ABSTRACT: In a recent article, Daljord, Sørgard, and Thomassen criticize Katz and Shapiro for applying the standard formula for critical loss to the case in which the price of only one product of the candidate market is increased. They argue that the standard formula does not hold in that case and suggest another expression. We show that this argument is correct, but that the formula proposed by Daljord, Sørgard, and Thomassen does not capture the essence of what critical loss really is. We propose another formula that does. Daljord, Sørgard, and Thomassen also modify the Katz–Shapiro aggregate diversion ratio rule for deciding whether a candidate market is an antitrust market. We show that their rule happens to be correct for the single-price-increase case and that the Katz–Shapiro rule remains valid for uniform price increases, but that in both cases this is for different reasons than mentioned by the authors. We believe that the confusion is due to the fact that the critical-loss concept, which was originally designed for a single homogeneous product, needs some further explanation before it can be applied in a setting of multiple differentiated products. Such explanation is given in this article.

October 13, 2009 | Permalink | Comments (0) | TrackBack (0)

Assessing the effects of a road surfacing cartel in Switzerland

Posted by D. Daniel Sokol

Kai Hüschelrath (Department for Industrial Economics and International Management, ZEW Centre for European Economic Research; Assistant Professor for Industrial Organization and Competitive Strategy, WHU Otto Beisheim School of Management), Nina Leheyda (Department for Industrial Economics and International Management, ZEW Centre for European Economic Research), and Patrick Beschorner (Department for Industrial Economics and International Management, ZEW Centre for European Economic Research) have a paper on Assessing the effects of a road surfacing cartel in Switzerland
ABSTRACT: The paper assesses the impact of the detection of a hard-core cartel in the Swiss market for road surfacing on post-cartel competition. In addition to an investigation of supply-side factors, demand-side factors, and market prices, the paper also derives estimates of the economic effects of the Swiss Competition Commission's decision in the road-surfacing cartel case. The results indicate that the detection of the cartel may have led to short-term price reductions; however, the persistent collusion-friendly industry structure forecloses larger and durable gains for the customers.

October 13, 2009 | Permalink | Comments (0) | TrackBack (0)

Competition Issues in Restructuring Ports and Railways, Including Brief Consideration of These Sectors in India

Posted by D. Daniel Sokol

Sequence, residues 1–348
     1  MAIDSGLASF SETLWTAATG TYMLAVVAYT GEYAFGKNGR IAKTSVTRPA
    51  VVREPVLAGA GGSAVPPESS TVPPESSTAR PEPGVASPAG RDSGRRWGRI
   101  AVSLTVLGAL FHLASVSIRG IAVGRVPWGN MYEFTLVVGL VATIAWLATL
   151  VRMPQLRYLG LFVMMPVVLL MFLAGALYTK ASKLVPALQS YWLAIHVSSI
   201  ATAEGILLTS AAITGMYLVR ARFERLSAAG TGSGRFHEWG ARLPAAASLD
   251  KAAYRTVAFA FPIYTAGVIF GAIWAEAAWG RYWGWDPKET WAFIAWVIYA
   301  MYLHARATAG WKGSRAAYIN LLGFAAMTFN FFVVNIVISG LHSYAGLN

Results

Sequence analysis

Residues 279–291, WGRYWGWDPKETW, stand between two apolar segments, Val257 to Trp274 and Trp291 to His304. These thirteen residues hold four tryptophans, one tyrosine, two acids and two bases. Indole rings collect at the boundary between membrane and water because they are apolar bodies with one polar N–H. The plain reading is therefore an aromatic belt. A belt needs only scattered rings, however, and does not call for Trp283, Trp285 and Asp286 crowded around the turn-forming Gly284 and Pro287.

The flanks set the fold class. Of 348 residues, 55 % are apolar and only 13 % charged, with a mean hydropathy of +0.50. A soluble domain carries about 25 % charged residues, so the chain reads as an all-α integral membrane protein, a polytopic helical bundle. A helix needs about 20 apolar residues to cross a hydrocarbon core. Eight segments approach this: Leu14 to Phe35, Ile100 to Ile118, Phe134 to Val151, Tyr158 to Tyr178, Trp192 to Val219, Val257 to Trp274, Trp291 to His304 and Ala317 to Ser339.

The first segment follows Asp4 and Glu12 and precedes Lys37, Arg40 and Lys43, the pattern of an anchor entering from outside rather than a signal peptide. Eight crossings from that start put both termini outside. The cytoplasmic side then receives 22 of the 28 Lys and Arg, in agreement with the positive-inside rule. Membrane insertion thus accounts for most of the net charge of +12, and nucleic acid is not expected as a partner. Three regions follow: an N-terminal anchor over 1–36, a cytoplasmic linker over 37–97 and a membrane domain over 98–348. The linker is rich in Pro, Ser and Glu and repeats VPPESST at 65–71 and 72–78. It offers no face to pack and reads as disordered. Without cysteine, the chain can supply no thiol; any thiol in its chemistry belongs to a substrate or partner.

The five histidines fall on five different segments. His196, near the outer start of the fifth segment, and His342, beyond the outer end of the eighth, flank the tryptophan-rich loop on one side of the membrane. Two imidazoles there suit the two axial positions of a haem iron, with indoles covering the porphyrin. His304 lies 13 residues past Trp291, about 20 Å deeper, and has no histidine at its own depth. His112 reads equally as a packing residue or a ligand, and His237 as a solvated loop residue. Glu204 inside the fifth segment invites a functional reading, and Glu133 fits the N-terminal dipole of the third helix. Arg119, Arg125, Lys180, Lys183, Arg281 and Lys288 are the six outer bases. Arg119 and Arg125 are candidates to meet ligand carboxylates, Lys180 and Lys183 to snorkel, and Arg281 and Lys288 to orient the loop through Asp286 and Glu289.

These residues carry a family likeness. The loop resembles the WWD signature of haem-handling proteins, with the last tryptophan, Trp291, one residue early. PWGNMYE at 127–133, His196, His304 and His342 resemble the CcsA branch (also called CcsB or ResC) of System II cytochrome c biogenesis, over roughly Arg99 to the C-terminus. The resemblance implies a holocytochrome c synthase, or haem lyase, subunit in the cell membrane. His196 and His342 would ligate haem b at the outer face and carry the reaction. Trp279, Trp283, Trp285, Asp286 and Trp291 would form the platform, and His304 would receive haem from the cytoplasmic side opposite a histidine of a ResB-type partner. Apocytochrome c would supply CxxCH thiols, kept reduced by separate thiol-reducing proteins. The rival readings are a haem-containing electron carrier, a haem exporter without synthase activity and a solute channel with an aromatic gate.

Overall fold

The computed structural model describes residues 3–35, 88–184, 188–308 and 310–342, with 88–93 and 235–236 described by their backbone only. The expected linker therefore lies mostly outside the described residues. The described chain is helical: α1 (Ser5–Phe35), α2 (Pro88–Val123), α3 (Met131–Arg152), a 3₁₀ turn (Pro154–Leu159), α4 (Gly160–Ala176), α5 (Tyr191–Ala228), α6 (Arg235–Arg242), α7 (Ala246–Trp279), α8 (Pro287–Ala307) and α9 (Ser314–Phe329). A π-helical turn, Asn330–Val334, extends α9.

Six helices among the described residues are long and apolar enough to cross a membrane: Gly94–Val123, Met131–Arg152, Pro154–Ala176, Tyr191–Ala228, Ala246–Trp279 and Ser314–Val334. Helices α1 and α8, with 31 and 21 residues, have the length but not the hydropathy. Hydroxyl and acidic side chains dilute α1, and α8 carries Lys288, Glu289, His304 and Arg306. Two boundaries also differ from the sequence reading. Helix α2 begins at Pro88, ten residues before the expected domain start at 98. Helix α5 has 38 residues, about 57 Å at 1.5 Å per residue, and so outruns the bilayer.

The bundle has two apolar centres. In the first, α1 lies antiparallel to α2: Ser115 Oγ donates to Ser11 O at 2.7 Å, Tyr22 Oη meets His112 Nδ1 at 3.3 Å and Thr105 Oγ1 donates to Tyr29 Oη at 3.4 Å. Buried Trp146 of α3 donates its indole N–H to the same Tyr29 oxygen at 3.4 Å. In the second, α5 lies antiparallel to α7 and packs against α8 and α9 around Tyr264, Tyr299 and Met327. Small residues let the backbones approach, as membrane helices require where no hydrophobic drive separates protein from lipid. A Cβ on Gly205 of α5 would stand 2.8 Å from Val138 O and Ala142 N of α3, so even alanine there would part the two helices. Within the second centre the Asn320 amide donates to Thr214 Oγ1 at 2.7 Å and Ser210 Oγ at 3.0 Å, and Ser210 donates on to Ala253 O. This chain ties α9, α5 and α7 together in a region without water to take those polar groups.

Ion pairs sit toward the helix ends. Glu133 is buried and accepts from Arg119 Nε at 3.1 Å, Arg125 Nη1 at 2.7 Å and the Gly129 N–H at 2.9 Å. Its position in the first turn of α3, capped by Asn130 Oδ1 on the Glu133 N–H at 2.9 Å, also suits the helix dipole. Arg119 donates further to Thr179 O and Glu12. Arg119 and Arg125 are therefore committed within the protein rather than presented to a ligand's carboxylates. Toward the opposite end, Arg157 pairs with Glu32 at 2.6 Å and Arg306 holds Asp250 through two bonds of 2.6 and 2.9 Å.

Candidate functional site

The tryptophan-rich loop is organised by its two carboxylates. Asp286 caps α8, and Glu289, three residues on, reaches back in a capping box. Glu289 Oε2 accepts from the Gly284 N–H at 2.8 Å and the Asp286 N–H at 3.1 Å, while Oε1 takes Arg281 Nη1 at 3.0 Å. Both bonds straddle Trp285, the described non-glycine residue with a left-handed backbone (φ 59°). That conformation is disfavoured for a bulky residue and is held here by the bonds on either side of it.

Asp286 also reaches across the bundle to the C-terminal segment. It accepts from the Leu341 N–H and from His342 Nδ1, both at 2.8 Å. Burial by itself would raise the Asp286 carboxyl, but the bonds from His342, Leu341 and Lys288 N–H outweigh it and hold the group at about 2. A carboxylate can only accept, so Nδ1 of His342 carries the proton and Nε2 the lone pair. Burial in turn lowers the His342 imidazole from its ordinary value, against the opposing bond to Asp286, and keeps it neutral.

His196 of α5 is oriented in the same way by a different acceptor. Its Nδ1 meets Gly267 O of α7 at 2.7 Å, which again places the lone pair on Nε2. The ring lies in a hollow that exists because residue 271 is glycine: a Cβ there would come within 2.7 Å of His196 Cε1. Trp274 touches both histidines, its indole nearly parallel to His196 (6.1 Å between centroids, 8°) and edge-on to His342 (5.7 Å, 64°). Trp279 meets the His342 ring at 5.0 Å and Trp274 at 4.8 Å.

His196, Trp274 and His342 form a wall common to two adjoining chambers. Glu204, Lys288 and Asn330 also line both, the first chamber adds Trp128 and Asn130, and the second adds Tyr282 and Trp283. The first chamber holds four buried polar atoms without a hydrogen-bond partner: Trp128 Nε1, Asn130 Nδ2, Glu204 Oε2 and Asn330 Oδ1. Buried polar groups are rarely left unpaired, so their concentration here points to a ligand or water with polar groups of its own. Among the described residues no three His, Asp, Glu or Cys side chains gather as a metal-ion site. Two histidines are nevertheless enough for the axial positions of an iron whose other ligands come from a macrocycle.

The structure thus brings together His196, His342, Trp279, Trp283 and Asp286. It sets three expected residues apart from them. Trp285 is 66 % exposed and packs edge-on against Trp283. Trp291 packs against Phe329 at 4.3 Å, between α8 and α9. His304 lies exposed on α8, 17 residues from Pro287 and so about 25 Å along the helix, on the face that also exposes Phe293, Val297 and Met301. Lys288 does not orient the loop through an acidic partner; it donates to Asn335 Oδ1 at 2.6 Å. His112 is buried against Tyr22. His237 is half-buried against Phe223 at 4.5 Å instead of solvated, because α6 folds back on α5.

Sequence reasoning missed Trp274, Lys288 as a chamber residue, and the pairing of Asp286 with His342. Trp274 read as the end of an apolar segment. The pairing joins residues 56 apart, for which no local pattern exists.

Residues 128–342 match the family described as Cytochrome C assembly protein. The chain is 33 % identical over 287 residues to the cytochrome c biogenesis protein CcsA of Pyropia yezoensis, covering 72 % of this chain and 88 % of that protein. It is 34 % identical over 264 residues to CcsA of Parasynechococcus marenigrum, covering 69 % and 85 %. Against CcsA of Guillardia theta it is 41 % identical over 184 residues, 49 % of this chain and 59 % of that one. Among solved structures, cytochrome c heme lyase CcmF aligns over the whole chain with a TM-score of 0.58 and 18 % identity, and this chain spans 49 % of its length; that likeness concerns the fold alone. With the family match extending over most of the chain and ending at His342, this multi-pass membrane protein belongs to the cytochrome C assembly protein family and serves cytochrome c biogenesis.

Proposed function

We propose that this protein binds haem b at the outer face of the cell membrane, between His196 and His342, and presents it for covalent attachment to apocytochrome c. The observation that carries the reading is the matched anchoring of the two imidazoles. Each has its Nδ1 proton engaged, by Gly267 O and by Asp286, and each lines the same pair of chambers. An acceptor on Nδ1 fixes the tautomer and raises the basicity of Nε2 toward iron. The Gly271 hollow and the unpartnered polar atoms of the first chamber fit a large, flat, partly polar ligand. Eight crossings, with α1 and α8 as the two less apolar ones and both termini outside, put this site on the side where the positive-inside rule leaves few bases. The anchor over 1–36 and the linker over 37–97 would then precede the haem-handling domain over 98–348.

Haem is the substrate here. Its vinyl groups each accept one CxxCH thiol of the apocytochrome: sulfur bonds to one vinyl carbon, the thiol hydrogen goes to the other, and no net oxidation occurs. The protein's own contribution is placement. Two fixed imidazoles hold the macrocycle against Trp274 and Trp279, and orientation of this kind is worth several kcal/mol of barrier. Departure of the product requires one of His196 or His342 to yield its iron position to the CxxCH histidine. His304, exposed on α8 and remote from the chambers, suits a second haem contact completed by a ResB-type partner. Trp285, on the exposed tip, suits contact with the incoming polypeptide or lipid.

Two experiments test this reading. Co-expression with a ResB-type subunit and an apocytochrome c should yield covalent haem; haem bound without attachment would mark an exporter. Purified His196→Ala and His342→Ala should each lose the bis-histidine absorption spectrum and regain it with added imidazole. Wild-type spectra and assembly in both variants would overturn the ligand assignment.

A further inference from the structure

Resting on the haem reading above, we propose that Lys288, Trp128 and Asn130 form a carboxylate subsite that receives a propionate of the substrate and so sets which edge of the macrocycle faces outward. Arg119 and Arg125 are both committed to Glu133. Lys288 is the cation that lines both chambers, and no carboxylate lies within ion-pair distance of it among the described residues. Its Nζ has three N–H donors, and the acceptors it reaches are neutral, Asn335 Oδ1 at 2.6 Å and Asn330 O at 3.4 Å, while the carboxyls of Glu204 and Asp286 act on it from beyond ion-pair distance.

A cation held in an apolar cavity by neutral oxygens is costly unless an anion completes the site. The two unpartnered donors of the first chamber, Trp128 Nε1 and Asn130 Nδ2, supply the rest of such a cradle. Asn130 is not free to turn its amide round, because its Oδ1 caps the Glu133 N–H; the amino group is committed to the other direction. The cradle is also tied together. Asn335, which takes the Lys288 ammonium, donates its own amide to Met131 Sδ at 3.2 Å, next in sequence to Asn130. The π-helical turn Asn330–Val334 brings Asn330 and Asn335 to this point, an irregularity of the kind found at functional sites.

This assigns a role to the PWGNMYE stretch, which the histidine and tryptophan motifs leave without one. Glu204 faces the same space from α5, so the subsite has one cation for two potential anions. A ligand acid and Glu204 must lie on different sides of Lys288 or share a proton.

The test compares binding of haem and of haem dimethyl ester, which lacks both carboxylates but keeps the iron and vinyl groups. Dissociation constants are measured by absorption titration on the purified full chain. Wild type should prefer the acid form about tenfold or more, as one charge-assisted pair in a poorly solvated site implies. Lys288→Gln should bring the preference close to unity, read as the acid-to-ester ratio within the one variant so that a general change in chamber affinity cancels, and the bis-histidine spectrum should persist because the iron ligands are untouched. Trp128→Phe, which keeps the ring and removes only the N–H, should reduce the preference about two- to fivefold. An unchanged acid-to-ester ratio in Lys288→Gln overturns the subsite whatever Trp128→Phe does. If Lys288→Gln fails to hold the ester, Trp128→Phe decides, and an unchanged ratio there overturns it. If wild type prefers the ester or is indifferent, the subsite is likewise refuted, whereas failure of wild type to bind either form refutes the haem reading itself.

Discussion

Russell W. Pittman, DOJ explains Competition Issues in Restructuring Ports and Railways, Including Brief Consideration of These Sectors in India.

ABSTRACT: One important issue facing reformers considering the restructuring of the seaports and freight railways sectors of a developing country is the creation of competition - or, alternatively, avoiding the creation or preservation of monopoly power. In seaports a crucial distinction is often that between intraport and interport competition; in freight railways, between competition among train operating companies over a monopoly track and competition among vertically integrated railways. In both cases it is useful to frame the issue as one of competition at the component level within an open system versus competition between closed systems. In both cases as well, the market definition paradigm suggested by the Horizontal Merger Guidelines of the U.S. competition agencies provides a useful framework for analysis.

October 13, 2009 | Permalink | Comments (0) | TrackBack (0)

Monday, October 12, 2009

Horizontal Mergers Guidelines - Hot Action This Winter

Posted by D. Daniel Sokol

The dates for the different workshops are out.  Once again, I plead with DOJ/FTC people running the workshops that the first question that they ask all panelists is who has/will pay for their comments.  We need more transparency in the decision-making process.

The first workshop will take place on:

December 3, 2009

FTC Conference Center
601 New Jersey Avenue, NW
Washington, DC 20001

and via webcast.
The second workshop will take place on:

December 8, 2009


NYU School of Law
Greenberg Lounge
40 Washington Square South
New York, NY 10012
The third workshop will take place on:

December 10, 2009

Northwestern University School of Law
Wieboldt Hall Room #147
340 E. Superior Street
Chicago, Il 60611


The fourth workshop will take place on:

January 14, 2010

Stanford Institute for Economic Policy Research Encina Hall, Bechtel Conference Room
616 Serra Street
Stanford University
Stanford, CA 94305

The fifth workshop will take place on:

January 26, 2010


FTC Conference Center
601 New Jersey Avenue, NW
Washington, DC 20001


The Department of Justice and the Federal Trade Commission (FTC) solicit public comments and will hold joint public workshops to explore the possibility of updating the Horizontal Merger Guidelines that are used by both agencies to evaluate the potential competitive effects of mergers and acquistions.  The goal of the workshops will be to determine whether the Horizontal Merger Guidelines accurately reflect the current practice of merger review at the Department and the FTC as well as to take into account legal and economic developments that have occurred since the last significant Guidelines revision in 1992.